While Major League Baseball Commissioner Rob Manfred denied Pete Rose's request for reinstatement to baseball, Manfred also indicated it is not within MLB's authority to keep Rose off the National Baseball Hall of Fame ballot.
And, it would appear Rose also will still be allowed to participate in activities involving the Reds and Major League Baseball at Manfred's discretion.
Regarding the Hall of Fame, Manfred's statement read, "It is not part of [MLB's] authority or responsibility here to make any determination concerning Mr. Rose's eligibility as a candidate for election to the National Baseball Hall of Fame," and "any debate over Mr. Rose's eligibility for the Hall of Fame is one that must take place in a different forum."
That position was supported by Reds president and chief executive officer Bob Castellini, who said in a statement, "The Commissioner called me this morning prior to the announcement. We respect his decision on the matter of Pete Rose and are grateful for his diligence and the amount of time he spent on the matter. We also appreciate that the Commissioner stated that Hall of Fame consideration is a separate issue, and we and the fans think he deserves that opportunity."
That opportunity does not appear to likely, however, as the National Baseball Hall of Fame released a statement Monday reiterating its position: "Pete Rose remains ineligible for Hall of Fame consideration, based on the Hall of Fame's bylaws, which preclude any individual on baseball's ineligible list from being considered a candidate for election."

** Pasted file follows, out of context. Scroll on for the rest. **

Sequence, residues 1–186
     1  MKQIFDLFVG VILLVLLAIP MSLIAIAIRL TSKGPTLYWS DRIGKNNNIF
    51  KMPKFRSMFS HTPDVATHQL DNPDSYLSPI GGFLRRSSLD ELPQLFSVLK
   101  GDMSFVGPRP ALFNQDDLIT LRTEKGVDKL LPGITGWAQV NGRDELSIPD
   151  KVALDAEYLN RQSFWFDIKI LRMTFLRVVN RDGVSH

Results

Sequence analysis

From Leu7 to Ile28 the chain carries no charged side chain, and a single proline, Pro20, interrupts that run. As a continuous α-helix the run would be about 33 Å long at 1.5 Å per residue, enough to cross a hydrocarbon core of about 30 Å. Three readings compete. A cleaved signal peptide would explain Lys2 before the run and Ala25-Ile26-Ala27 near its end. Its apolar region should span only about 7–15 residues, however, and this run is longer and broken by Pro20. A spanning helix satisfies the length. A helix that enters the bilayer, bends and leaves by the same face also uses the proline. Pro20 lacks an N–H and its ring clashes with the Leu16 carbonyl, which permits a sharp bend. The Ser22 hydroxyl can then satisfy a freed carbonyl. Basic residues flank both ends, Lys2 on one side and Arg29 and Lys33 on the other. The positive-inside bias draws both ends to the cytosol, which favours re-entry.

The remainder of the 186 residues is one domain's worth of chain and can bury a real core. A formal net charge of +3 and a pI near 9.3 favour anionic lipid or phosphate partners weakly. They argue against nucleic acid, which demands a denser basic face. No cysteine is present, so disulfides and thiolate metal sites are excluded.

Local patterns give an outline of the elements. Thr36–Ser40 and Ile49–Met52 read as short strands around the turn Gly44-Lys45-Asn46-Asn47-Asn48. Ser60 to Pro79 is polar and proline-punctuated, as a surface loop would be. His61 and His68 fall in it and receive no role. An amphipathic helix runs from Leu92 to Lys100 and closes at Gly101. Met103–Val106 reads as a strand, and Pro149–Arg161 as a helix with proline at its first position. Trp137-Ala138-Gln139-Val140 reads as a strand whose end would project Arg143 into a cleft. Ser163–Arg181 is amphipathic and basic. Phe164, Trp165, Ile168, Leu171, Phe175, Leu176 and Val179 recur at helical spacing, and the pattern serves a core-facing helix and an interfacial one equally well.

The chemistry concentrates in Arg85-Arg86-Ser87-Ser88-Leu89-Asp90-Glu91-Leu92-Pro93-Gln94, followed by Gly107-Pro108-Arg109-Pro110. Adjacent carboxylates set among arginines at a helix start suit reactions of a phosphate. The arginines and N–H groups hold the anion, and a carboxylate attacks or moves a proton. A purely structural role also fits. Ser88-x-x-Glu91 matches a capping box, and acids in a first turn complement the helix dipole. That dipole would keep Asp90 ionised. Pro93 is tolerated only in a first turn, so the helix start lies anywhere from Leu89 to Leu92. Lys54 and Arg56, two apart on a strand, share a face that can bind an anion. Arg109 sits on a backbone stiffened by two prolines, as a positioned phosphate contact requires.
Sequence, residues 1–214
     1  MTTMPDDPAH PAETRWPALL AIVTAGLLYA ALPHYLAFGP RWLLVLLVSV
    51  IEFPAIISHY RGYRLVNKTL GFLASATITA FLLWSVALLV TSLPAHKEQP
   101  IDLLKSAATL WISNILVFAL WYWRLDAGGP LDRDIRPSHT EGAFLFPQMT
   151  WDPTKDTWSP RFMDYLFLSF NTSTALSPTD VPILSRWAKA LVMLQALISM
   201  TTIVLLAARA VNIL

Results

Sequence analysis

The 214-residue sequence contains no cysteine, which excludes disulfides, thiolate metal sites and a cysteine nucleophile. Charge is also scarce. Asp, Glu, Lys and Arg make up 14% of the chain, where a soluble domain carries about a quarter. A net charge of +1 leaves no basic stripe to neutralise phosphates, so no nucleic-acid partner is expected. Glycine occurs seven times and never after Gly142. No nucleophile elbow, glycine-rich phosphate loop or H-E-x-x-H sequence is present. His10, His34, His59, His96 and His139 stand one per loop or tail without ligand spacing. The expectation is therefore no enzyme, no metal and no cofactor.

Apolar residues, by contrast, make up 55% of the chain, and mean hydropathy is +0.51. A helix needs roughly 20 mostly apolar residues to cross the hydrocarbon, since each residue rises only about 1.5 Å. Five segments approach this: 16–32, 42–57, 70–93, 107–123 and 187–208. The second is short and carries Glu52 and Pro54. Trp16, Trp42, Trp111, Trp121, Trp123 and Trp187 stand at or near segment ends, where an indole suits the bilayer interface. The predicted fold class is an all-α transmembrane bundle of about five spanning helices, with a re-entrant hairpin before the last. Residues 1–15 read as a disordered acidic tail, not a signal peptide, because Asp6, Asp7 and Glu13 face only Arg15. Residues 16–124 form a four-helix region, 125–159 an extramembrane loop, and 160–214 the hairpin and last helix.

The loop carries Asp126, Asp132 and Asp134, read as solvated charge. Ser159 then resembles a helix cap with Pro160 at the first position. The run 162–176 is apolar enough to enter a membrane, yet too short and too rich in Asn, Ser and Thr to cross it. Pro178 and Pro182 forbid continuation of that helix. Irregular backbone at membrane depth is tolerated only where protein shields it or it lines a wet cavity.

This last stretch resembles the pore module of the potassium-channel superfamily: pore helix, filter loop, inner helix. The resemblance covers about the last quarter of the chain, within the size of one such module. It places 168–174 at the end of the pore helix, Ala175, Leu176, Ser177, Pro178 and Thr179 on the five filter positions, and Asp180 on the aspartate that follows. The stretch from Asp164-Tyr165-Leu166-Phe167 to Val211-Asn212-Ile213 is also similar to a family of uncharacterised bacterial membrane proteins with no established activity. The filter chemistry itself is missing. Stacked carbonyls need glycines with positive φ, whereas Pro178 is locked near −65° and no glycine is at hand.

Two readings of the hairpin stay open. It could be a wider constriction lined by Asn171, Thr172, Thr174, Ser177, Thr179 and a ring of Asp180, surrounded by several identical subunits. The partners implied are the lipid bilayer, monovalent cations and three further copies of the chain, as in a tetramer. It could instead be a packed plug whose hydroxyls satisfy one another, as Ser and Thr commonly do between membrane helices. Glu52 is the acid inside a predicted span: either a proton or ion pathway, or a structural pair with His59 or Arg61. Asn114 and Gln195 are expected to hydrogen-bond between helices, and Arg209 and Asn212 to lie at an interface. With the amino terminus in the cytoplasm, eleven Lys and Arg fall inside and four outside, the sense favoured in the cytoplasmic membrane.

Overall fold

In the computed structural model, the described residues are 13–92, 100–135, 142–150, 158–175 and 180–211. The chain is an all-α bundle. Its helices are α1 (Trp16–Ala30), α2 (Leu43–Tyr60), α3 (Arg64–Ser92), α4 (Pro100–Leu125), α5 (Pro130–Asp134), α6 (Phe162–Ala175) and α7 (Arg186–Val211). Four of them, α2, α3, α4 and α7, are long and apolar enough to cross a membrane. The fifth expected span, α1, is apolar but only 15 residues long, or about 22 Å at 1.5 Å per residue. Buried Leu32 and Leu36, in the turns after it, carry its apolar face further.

The Reds were pleased that the Commissioner left unchanged the ability for Rose to participate in baseball in unofficial capacities, as he has did at this year's All-Star Game in Cincinnati and as a FOX analyst this October.
"We are pleased that we have had and will continue to have opportunities to commemorate Pete's remarkable on-field accomplishments," Castellini said in his statement. "Any future plans to celebrate Pete's career with the Reds first will be discussed with the Commissioner and then will be communicated publicly at the appropriate time."
Manfred's decision thus will uphold Rose's ban from baseball first imposed in 1989, when it was discovered that Rose gambled on the sport. Rose applied for reinstatement in February.
Regarding the decision to uphold the ban, the Commissioner wrote, "In short, Mr. Rose has not presented credible evidence of a reconfigured life either by an honest acceptance by him of his wrongdoing, so clearly established by the Dowd Report, or by a rigorous, self-aware and sustained program of avoidance by him of all the circumstances that led to his permanent ineligibility in 1989. Absent such credible evidence, allowing him to work in the game presents an unacceptable risk of a future violation by him of Rule 21, and thus to the integrity of our sport. I, therefore, must reject Mr. Rose's application for reinstatement."
Jeffrey Flanagan is a reporter for MLB.com. Follow him on Twitter at @FlannyMLB. This story was not subject to the approval of Major League Baseball or its clubs.